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Slice (app)

From Wikipedia, the free encyclopedia
Company typePrivate
FounderIlir Sela
Area served
United States

Slice is an online food ordering platform for independent pizzerias.[1][2] It allows pizzeria owners to offer their products to their customers using a mobile-optimized website and their customers can place orders through the Slice app and social media channels.[3][4] The company claims their platform is used by 9,000 pizzerias in 2,500 towns and cities in the US.[5] It also claims to have processed more than $100 million worth of deliveries in 2017 and to have filled a total of over 12 million orders since 2010.[1][6]


Slice was founded in 2010 by Ilir Sela and was originally called MyPizza.[7][8] In July 2016, Slice closed on a $3 million Series A funding round.[9][10] In May 2017, the company raised $15 million led by GGV Capital.[11] In 2020, Slice got more attention due to the COVID-19 pandemic forcing restaurants to shut down and focus on delivery and take out.[12][13][14]


  1. ^ a b Sedacca, Matthew (2018-06-23). "With the Slice App, Local Pizzerias Get a Bigger Piece of the Market". The New York Times. Archived from the original on 2018-08-24. Retrieved 2018-09-15.
  2. ^ Ha, Anthony (2016-11-10). "Slice makes it easy for you to order from your favorite pizzeria". TechCrunch. Archived from the original on 2017-02-05. Retrieved 2018-09-15.
  3. ^ Cawley, Terence (2017-08-29). "Now you can order pizza online from mom-and-pop places you couldn't before". The Boston Globe. Archived from the original on 2018-03-27. Retrieved 2018-09-15.
  4. ^ Fernandez, Frank (2016-10-12). "Ordering Pizza Just Got a Whole Lot Easier". Fox Business. Archived from the original on 2018-02-25. Retrieved 2018-09-15.
  5. ^ Sedacca, Matthew (2018-07-13). "With the Slice app, local pizzerias get a bigger piece of the market". CNBC. Archived from the original on 2018-07-13. Retrieved 2018-09-15.
  6. ^ Feldman, Amy (2018-04-30). "Pizza Unchained: Tech Startup Slice Helps Local Pizzerias Get Online And Fight Back Against Domino's". Forbes. Archived from the original on 2018-09-06. Retrieved 2018-09-15.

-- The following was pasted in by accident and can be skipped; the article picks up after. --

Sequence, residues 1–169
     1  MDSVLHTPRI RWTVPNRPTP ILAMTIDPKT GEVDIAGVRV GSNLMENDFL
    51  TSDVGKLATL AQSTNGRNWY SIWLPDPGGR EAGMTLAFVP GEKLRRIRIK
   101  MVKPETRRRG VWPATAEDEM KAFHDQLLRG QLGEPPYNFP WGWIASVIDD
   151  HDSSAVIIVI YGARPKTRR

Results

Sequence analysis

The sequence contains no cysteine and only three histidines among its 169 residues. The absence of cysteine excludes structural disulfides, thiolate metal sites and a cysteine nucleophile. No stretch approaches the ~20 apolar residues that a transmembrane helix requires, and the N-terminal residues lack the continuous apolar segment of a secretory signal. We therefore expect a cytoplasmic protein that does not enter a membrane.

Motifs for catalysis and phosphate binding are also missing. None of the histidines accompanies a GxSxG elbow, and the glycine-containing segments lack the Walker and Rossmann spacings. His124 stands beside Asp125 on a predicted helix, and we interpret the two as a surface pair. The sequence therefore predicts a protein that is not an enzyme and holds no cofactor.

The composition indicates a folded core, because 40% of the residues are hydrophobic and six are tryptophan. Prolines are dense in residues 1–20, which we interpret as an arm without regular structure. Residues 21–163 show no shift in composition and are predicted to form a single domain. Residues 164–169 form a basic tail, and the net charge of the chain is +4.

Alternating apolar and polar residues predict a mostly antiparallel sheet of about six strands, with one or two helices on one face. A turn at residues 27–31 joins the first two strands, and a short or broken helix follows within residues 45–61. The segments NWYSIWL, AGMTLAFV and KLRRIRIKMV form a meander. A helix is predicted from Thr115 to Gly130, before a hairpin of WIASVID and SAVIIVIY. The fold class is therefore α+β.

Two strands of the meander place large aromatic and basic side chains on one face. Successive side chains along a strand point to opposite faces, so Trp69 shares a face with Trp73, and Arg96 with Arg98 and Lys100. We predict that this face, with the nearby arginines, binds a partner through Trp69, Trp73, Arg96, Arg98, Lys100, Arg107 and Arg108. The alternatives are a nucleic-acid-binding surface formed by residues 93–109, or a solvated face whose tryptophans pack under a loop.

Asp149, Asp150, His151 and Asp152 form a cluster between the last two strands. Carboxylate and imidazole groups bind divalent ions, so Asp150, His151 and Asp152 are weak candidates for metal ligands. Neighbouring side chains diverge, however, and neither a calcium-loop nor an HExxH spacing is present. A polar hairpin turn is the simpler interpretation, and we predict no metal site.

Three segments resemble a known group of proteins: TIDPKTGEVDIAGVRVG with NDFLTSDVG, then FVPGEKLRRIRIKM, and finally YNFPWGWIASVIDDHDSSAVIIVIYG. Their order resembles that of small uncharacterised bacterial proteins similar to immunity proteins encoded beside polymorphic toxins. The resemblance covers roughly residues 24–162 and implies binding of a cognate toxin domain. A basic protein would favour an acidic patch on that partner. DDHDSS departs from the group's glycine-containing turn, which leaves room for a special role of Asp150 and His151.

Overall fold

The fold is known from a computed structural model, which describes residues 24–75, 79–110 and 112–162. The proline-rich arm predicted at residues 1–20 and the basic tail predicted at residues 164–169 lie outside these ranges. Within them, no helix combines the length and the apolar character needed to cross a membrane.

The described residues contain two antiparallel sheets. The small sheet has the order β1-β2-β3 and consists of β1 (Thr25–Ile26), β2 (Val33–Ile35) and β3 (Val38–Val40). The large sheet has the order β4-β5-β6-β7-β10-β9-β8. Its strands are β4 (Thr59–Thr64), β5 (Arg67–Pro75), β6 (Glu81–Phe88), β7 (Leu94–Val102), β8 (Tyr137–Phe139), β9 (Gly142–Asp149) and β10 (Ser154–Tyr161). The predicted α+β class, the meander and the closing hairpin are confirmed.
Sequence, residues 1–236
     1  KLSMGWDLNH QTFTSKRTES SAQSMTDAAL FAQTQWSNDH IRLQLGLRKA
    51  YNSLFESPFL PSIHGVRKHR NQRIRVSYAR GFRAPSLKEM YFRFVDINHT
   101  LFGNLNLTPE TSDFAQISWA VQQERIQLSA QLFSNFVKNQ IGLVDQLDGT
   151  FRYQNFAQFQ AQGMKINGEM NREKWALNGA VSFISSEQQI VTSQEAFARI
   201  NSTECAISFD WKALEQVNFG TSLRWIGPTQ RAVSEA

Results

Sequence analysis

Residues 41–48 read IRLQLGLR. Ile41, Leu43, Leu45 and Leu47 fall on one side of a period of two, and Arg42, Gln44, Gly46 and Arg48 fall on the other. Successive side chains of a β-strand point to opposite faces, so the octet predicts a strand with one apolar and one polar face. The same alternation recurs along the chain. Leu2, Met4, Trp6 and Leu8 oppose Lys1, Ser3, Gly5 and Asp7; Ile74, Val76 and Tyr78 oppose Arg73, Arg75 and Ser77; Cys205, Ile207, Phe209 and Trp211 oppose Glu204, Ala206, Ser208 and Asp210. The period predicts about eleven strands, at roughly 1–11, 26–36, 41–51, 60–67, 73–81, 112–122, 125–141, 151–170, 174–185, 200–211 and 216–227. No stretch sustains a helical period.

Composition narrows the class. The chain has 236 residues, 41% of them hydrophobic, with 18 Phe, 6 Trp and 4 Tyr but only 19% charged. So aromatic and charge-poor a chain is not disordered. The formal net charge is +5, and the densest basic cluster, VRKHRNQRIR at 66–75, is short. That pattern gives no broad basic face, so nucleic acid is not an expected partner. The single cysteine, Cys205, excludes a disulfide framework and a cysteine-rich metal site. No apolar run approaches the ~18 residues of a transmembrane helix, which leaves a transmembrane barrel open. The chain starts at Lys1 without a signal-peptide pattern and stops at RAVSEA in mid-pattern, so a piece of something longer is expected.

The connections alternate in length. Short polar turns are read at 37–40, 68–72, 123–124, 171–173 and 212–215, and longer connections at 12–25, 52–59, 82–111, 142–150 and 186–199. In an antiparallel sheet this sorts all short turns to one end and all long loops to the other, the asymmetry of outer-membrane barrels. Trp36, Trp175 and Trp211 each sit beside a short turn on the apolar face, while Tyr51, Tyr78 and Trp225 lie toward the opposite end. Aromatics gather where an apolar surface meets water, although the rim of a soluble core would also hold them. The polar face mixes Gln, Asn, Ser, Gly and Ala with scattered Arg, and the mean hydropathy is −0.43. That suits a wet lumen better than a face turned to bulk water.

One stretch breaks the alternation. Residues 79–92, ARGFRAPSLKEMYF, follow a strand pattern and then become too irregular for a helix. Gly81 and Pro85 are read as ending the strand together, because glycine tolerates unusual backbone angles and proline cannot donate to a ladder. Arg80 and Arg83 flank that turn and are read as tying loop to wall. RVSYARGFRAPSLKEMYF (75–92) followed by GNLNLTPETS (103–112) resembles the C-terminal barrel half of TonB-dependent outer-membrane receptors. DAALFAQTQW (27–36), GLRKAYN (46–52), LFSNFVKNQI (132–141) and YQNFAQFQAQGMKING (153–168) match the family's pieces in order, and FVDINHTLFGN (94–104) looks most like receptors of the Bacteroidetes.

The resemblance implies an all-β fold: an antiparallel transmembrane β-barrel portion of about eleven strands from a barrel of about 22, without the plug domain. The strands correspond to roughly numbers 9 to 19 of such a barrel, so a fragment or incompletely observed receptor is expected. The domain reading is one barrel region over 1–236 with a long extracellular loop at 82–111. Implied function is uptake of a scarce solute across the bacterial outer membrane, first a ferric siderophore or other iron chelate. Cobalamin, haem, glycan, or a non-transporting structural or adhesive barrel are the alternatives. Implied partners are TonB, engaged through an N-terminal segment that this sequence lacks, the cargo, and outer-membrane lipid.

7. ^ Dawson, Gloria (2017-01-30). "Can Mom-and-Pop Pizzerias Be Modernized?". Eater. Archived from the original on 2018-07-26. Retrieved 2018-09-15.
  8. ^ Case, Wesley (2017-09-28). "Slice, a pizza delivery app, arrives in Baltimore". Baltimore Sun. Archived from the original on 2018-04-09. Retrieved 2018-09-15.
  9. ^ Hartmans, Avery (2016-10-13). "This one-person startup that sells pizza is so profitable, the founder has hired over 100 people in less than a year with hardly any investors". Business Insider. Archived from the original on 2018-03-09. Retrieved 2018-09-15.
  10. ^ Novellino, Teresa (2016-10-13). "Slice app helps local pizza joints nationwide take on Domino's Pizza". New York Business Journal. Archived from the original on 2017-05-29. Retrieved 2018-09-14.
  11. ^ Del Rey, Jason (2017-05-17). "Domino's is crushing it online so a startup got $15 million to help pizzerias fight back". Recode. Archived from the original on 2017-06-11. Retrieved 2018-09-15.
  12. ^ McCarthy, Kelly (2021-02-09). "How this pizza app is helping feed shelters and soup kitchens for National Pizza Day". Good Morning America.
  13. ^ Nelson, Dustin (13 February 2021). "Everywhere You Can Get Heart-Shaped Pizzas Today for Valentine's Day". Thrillist.
  14. ^ Ha, Anthony (12 May 2020). "Slice, an online ordering and marketing platform for pizzerias, raises $43M". TechCrunch.